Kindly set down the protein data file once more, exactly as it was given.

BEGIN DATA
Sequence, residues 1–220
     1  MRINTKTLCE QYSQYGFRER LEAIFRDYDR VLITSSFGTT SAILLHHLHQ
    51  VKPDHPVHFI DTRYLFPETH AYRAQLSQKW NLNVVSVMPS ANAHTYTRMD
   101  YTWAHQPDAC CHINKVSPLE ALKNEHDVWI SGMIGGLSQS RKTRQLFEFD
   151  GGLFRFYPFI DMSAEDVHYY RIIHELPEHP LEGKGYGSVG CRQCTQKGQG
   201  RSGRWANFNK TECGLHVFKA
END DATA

Sequence, residues 1–220
     1  MRINTKTLCE QYSQYGFRER LEAIFRDYDR VLITSSFGTT SAILLHHLHQ
    51  VKPDHPVHFI DTRYLFPETH AYRAQLSQKW NLNVVSVMPS ANAHTYTRMD
   101  YTWAHQPDAC CHINKVSPLE ALKNEHDVWI SGMIGGLSQS RKTRQLFEFD
   151  GGLFRFYPFI DMSAEDVHYY RIIHELPEHP LEGKGYGSVG CRQCTQKGQG
   201  RSGRWANFNK TECGLHVFKA